Ever wonder how two very different meanings get attached to the same word? Cobbler is a perfect example.

Historically, a cobbler is someone who mends shoes and has been such since the late 1300s. Cobbler and cobble (the verb) seem to have evolved together in English, the verb meaning “to mend or patch together.” So how, you may wonder, did it come to mean a fruit dessert with a heavy top crust in American English?

Well, my theory was that it’s because cobbler is kinda tossed together, cobbled together, one might say… The etymology entry doesn’t bear that out, but it doesn’t have many better ideas, either, LOL. All people can say is that it came from the same root, cob, which has been applied to all sorts of words but always has a sense of “lumpy” or “bumpy” in it somewhere. Hence cobblestones and a cob of corn–all things with bumps and lumps. =) Well, that’s definitely true of the dessert too! And it also makes sense in the shoe sense, in that patches and mends tend to be a bit lumpy and bumpy too.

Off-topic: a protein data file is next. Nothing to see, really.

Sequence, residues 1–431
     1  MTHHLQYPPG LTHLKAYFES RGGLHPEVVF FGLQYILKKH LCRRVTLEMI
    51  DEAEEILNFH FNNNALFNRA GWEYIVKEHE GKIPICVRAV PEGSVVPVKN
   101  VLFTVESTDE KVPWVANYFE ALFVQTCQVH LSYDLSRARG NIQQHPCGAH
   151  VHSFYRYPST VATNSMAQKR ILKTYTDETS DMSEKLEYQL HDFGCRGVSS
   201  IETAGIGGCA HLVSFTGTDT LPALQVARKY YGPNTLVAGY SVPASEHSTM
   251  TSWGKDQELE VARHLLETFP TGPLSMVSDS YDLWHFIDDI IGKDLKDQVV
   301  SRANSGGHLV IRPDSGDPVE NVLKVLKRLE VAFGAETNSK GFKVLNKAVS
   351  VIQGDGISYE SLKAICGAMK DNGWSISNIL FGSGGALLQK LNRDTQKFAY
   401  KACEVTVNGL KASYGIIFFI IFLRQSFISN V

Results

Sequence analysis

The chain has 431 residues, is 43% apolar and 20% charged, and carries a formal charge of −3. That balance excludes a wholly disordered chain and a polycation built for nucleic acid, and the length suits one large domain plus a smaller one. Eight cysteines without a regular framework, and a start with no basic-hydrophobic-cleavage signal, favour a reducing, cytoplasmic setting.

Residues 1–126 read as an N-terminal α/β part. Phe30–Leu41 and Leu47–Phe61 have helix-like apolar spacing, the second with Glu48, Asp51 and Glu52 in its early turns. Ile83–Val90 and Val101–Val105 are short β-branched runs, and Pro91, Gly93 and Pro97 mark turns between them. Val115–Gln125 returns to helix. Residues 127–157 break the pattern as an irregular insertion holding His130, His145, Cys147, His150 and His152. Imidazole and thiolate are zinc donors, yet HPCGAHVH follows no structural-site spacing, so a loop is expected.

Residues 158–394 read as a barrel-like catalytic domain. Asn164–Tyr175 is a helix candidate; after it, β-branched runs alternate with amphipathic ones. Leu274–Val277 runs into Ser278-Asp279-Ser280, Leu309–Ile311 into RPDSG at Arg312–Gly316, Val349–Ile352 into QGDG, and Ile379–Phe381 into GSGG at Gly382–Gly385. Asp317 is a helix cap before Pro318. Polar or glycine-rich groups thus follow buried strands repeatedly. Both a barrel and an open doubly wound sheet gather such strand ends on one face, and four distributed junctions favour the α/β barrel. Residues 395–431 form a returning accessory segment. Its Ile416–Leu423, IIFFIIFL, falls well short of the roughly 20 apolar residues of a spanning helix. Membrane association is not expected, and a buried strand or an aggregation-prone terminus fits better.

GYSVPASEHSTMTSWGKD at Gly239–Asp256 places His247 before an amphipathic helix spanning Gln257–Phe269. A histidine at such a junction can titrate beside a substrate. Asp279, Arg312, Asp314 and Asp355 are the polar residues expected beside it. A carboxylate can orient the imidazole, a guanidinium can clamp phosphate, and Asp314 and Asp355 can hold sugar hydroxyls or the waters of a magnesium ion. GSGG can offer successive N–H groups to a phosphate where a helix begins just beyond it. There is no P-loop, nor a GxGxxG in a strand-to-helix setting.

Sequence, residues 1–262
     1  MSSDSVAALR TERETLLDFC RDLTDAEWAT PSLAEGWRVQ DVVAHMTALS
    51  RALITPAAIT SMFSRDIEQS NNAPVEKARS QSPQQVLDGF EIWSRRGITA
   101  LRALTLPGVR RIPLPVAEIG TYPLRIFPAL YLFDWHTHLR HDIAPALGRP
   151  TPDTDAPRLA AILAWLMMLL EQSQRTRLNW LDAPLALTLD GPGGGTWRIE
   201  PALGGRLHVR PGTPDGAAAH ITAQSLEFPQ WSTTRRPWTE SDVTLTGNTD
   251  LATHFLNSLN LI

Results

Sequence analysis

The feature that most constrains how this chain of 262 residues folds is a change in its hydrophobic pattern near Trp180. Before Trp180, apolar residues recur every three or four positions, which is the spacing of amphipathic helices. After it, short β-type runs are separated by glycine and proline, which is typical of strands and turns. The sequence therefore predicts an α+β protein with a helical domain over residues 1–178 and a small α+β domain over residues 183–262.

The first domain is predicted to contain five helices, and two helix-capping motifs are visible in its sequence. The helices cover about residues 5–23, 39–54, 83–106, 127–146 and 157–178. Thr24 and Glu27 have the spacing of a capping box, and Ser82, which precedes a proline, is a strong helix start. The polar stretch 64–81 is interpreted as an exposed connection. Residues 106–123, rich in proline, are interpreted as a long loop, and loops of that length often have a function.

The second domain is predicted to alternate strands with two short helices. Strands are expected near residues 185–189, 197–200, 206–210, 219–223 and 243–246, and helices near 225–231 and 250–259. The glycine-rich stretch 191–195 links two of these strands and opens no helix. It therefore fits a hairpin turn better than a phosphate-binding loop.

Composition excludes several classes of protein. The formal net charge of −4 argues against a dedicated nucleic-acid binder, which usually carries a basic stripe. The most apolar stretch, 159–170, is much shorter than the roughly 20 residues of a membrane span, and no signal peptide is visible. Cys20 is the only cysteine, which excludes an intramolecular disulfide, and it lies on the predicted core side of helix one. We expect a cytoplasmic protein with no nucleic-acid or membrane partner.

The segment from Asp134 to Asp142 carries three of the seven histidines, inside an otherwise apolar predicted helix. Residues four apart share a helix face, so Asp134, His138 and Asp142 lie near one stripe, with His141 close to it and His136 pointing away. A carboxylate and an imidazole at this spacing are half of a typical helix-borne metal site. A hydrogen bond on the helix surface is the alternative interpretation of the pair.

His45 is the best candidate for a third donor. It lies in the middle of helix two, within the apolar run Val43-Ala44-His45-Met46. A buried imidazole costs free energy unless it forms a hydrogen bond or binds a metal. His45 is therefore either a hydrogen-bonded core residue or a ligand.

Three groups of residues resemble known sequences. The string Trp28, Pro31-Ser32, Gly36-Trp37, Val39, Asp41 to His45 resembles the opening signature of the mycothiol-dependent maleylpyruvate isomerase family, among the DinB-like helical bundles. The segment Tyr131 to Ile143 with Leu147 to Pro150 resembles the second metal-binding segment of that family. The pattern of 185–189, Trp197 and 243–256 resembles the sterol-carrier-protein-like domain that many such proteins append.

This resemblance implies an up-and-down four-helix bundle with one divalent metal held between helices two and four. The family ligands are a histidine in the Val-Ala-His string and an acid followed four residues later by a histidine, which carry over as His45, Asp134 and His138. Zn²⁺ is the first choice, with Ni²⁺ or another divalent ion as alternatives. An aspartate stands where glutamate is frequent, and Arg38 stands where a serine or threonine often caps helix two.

Are you a fan of fruit cobbler? Or perhaps corn on the cob?

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